Featuring Altair Shyam
God bless you. I love you.
The sound of shouting, a clamor steadily rising into a battle cry, came from the far end of the courtyard. I heard the ringing of bells—a terrible sound, not like the sound of a bell calling people to church, but the clanging of many bells crying out in fear as they were bludgeoned to death. The courtyard had become a scene of devastation.
The courtyard walls now opened, revealing a horizon torn ragged by dense, mottled brown mountains. The Light grew more intense. The hidden veils trembled and parted above me and to left and right, like curtains drawn back against time. The arcs swirled around me, increasing in brilliance and magnificence, right across the horizon until they touched the lips of the sky itself. I could hear the hiss and fiery bellows of vast, unimaginable forces forging weapons for battle.
“Soldiers!” came a cry.
The cry was not in my own tongue, but in a language and voice that was both strange yet familiar. I knew, with a mixture of joy and trepidation, that my own mouth had spoken the word. A sudden force propelled me forward, knocking the breath from me, and I could only pant and gasp as bullets rang overhead, ricocheting off prayer bells. The thick, whitewashed mud-brick walls of the monastery were no defense.
I stood above the eggshell-colored sands of the courtyard, in front of the monastery’s main temple. Impossible! I thought as another round of artillery clattered off the heavily damaged doors of the temple’s central gate.
Strained voices barked severe orders. The monks, clearly trained for fighting, moved into a defensive formation, but they were hopelessly outnumbered and outgunned by the soldiers pouring through onto the temple grounds from the streets beyond. The soldiers were heavily armed. The monks, who wielded farming implements and short kitchen knives, could only fight at close range. And so, they waited, vulnerable to snipers and attacks from the air. Though the monks exploded with fury when the soldiers came closer, so many fell—wasted lives and helpless victims in a rebellion not of their choosing.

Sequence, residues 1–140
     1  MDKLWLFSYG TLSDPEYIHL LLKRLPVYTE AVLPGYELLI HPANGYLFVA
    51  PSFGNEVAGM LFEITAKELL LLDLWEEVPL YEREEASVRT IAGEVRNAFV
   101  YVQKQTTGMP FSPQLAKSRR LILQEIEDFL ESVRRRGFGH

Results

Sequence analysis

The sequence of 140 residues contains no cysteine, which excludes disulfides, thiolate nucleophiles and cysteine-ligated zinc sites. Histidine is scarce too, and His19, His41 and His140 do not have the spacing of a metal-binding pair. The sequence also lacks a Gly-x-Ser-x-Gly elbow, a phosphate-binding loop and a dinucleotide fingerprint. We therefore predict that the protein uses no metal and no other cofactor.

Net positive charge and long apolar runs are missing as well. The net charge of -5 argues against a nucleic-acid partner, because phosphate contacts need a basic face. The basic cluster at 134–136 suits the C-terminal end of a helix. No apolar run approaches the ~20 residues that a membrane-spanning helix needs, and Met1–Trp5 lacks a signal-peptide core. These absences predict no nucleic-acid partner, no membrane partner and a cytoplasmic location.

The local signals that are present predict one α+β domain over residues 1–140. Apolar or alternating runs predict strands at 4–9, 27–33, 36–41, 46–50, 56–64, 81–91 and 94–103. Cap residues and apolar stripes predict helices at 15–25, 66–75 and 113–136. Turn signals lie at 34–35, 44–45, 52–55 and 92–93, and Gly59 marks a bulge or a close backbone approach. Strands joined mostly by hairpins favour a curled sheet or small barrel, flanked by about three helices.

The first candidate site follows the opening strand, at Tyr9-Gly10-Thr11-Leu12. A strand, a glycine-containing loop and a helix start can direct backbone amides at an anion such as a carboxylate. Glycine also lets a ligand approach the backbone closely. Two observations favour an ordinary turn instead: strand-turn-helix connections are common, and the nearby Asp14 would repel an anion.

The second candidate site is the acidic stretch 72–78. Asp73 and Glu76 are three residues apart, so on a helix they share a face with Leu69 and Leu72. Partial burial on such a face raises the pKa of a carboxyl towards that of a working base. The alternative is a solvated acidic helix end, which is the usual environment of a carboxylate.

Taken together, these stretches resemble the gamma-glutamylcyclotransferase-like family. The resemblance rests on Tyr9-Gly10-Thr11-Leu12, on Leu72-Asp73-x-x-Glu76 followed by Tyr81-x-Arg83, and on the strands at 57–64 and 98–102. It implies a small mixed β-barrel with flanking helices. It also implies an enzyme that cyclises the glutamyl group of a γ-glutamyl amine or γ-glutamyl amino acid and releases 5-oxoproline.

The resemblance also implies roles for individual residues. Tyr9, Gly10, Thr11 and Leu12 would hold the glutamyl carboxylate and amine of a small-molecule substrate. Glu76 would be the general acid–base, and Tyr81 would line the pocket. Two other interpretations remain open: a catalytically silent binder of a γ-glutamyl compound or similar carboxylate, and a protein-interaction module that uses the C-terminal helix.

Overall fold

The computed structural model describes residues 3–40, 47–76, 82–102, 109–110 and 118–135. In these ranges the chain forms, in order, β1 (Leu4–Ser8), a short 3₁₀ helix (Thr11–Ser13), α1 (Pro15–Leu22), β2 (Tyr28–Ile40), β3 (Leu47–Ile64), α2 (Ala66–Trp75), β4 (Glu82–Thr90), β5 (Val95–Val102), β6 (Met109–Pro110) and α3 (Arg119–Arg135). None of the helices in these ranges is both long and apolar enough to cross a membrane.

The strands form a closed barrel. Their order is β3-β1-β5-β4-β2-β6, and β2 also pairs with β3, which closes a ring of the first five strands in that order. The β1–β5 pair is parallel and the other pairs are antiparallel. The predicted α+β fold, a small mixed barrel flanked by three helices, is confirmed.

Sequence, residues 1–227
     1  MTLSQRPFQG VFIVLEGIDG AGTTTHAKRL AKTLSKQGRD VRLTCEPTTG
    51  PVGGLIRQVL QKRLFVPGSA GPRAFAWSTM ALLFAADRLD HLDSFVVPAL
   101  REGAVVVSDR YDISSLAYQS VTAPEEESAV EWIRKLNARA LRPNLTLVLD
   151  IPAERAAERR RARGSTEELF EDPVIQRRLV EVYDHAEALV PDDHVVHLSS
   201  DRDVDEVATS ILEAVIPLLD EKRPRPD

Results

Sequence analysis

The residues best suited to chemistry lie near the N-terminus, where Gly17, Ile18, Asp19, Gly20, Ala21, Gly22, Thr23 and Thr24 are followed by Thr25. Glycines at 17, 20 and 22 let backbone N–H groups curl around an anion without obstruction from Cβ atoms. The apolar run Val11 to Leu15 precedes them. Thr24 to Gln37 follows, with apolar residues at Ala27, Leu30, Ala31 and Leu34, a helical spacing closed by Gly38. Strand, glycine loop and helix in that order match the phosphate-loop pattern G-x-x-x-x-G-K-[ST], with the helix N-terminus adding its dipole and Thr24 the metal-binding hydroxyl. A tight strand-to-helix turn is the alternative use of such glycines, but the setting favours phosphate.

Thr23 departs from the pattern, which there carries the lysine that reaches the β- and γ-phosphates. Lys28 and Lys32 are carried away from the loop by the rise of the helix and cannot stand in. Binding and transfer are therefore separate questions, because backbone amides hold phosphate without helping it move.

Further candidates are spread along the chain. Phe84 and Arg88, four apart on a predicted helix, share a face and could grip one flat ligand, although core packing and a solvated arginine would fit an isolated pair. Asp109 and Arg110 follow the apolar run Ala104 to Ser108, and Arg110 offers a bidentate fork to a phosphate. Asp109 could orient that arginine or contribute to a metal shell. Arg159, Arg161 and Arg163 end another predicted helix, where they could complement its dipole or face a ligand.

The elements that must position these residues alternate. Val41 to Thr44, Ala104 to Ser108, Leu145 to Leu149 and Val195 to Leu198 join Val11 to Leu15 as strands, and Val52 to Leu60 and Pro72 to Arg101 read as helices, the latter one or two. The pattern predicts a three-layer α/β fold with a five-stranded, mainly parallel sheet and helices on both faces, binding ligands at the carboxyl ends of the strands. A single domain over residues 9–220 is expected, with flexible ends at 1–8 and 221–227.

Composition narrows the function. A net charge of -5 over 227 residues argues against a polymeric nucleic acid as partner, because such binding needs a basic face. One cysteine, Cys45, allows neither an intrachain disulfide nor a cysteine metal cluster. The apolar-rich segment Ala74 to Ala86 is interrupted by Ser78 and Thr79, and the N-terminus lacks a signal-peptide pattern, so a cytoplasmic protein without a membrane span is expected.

I was dragged back inside the temple gates and now stood above the thick, wooden doors with their beautiful brass ornaments. An arcade swept along the interior wall, which was alive with many ancient pictures of Buddhas, painted in extraordinary detail with flower petals that gently melded together, portraying Buddha’s robes folding so precisely and intricately. I watched in horror as the first wave of Chinese soldiers defaced the frescoes as they ran past, gouging and hacking the face of every Buddha from the plaster.
I looked up at a burst of fire in the sky. Artillery shells smashed into the columned prayer and chanting hall. The hall faced a huge altar of sacred symbols flanked by eight towering, gold-painted images of the Buddha.
Tiny yellow flames in front of each statue flickered and then died out as if signaling the death knell of the heart of the temple. The innumerable brass bowls brimming with cloudy yak butter were pitched and tossed into the carnage. Their thick, sweet fragrance—mixed with the odor of blood and the toxic fumes of spent artillery shells—hung heavy in the dim light.
If I’d thought I had time to get my bearings, I was mistaken.
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Editor’s Note: This excerpt is from just one of many Sacred Stories of our time. Powerful voices from around the globe that speak to our shared human experience. May they inspire you and give you great hope. Order your personal copy of CHAOS TO CLARITY: SACRED STORIES OF TRANSFORMATIONAL CHANGE today and discover hope for the future and a blueprint for your life ⤵︎
Altair, I don’t recall seeing any prior articles from you. If indeed this is your first article let me congratulate you. In the event, you are a new member of the BC360 family let me welcome you. Your article was very descriptive in nature. From reading it I recalled the atrocities committed by the cursed Nazis (may G-d avenge their blood) who spared nothing in their wake.